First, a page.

GENTLEMEN have argued, as if personal rights only were the proper objects of government. But what, I would ask, is life worth, if a man cannot eat in security the bread earned by his own industry? If he is not permitted to transmit to his children the little inheritance, which his affection has destined for their use? What enables us to diffuse education among all the classes of society, but property? Are not our public schools, the distinguishing blessing of our land, sustained by its patronage? I will say no more about the rich and the poor. There is no parallel 2 to be run between them, founded on permanent constitutional distinctions. The rich help the poor, and the poor in turn administer to the rich.


In our country the highest man is not above the people; the humblest is not below the people. If the rich may be said to have additional protection, they have not additional power. Nor does wealth here form a permanent distinction of families. Those who are wealthy to-day pass to the tomb, and their children divide their estates. Property is thus divided quite as fast as it accumulates. No family can, without its own exertions, stand erect for a long time under our statute of descents and distributions, the only true and legitimate agrarian law. It silently and quietly dissolves the mass, heaped up by the toil and diligence of a long life of enterprise and industry.

Property is continually changing, like the waves of the sea. One wave rises and is soon swallowed up in the vas abyss, and seen no more. Another rises, and having reaches its destined limit, falls gently away, and is suc ceeded by yet another, which in its turn, breaks and dies 4 away silently on the shore. The richest man among us may be brought down to the humblest level; and the child with scarcely clothes to cover his nakedness, may rise to the highest office in our government. And the poor man while he rocks his infant on his knees, may justly indulge the consolation, that if he possess talents and virtue, there is no office beyond the reach of his honorable ambition.

To die, they say, is noble-as a soldier-
But with such guides to point the unerring road,
Such able guides, such arms and discipline
As I have had, my soul would sorely feel
The dreadful pang which keen reflections give,
Should she in death's dark porch, while life was ebbing
Receive the judgment, and this vile reproach:-
"Long hast thou wandered in a stranger's land,
A stranger to thyself and to thy God.
The heavenly hills were oft within thy view,
And oft the shepherd called thee to his flock,
And called in vain.-A thousand monitors
Bade thee return, and walk in wisdom's ways.
The seasons, as they rolled, bade thee return;
The glorious sun, in his diurnal round,

Beheld thy wandering, and bade thee return;

The night, an emblem of the night of death,

Bade thee return; the rising mounds,

Which told the traveller where the dead repose

In tenements of clay, bade thec return;

And at thy father's grave, the filial tear,

Which dear remembrance gave, bade thee return,
And dwell in Virtue's tents, on Zion's hill!"—Pollok.


Man and Animals.-JANE TAYLOR.

1 MR. F. and his children were walking one summer' evening, in what are familiarly called the high woods. A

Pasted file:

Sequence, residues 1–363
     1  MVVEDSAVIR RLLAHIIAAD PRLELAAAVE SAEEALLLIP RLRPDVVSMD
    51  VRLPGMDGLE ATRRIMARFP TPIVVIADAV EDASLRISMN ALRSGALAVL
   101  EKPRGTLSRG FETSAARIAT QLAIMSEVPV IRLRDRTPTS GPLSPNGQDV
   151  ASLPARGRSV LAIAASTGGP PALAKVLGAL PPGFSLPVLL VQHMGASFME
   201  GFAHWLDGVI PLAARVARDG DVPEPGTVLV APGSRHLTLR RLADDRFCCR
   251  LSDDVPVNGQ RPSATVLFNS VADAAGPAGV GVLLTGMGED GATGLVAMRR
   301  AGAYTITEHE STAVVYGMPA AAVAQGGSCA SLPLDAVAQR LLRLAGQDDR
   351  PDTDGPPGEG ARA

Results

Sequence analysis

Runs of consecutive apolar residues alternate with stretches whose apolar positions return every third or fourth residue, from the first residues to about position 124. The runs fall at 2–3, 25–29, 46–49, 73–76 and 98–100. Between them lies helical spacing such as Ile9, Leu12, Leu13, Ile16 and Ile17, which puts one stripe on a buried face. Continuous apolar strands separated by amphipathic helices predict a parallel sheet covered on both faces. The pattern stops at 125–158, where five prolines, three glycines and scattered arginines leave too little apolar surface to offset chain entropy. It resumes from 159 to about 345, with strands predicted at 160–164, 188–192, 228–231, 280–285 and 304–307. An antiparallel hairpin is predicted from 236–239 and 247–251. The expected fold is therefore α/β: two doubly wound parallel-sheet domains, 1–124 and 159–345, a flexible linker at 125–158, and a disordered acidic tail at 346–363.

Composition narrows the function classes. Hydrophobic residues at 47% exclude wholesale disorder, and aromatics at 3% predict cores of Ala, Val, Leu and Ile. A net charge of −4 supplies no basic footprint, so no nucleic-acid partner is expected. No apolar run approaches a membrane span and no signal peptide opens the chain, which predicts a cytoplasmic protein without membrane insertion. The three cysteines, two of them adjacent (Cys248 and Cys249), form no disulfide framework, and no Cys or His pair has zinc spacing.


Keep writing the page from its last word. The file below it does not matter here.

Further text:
narrow path conducted them through the underwood, where straggling branches of the wild rose intercepted them at every step the rich and variegated stems of the forest trees were illumined here and there in bright spots, by golden beams of the setting sun, which streamed through the interstices of the massy foliage. Swarms of merry gnats danced in the open spaces of the wood; birds of every note sang, in uninterrupted gladness, amid its deep 2 recesses; the nimble squirrel was observed occasionally leaping from bough to bough; and the timid eye of the wild rabbit was seen peeping from behind the roots of the trees, and then swiftly disappearing, she escaped into her inaccessible fortresses. How happy are young people, whose taste is raised to the enjoyment of these elevated and simple pleasures, and who find in their parents, intelligent friends, capable of cultivating this taste, of inspiring and guiding their love of knowledge, and of giving a right direction to both!


The liberty and happiness evidently enjoyed by the various little inhabitants of these woods, gave a turn to the evening's conversation, as the party returned home.

"I think," says little Joe, "that if I were going to be changed into any thing else, I should like best to be a rabbit, and to live in the woods; they seem so happy and comfortable here.

Father. Can you tell me, Joe, what is the greatest differ ence between you and a rabbit.

Joe. Why, papa, we are as different as can be. Rabbits 4 have got long ears, and four legs, and are covered all over with soft hair.

Father. So far, then, the rabbit seems to have the advantage of you, for it can run faster with four legs than you can with only two; and its long ears enable it to hear more acutely; and it has a warm dress, ready made, without any trouble or expense: now can you think of any thing in which you are better off than a rabbit?

Joe was such a very little boy that he could not think of any thing; but his brother, Edward, soon answered for 5 him, saying, "Why, we are better off than rabbits, almost in every thing: we can talk, and laugh, and read, and write, and learn Latin."

Father. It is true the rabbit can not do these things; but